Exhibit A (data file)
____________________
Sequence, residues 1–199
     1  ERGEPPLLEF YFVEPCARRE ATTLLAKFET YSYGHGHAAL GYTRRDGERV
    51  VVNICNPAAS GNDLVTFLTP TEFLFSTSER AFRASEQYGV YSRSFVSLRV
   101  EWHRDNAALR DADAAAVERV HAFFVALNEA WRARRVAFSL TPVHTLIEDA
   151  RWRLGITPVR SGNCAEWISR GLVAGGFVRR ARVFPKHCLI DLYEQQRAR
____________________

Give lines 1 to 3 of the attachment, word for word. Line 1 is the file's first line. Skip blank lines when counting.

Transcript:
Sequence, residues 1–199
     1  ERGEPPLLEF YFVEPCARRE ATTLLAKFET YSYGHGHAAL GYTRRDGERV
    51  VVNICNPAAS GNDLVTFLTP TEFLFSTSER AFRASEQYGV YSRSFVSLRV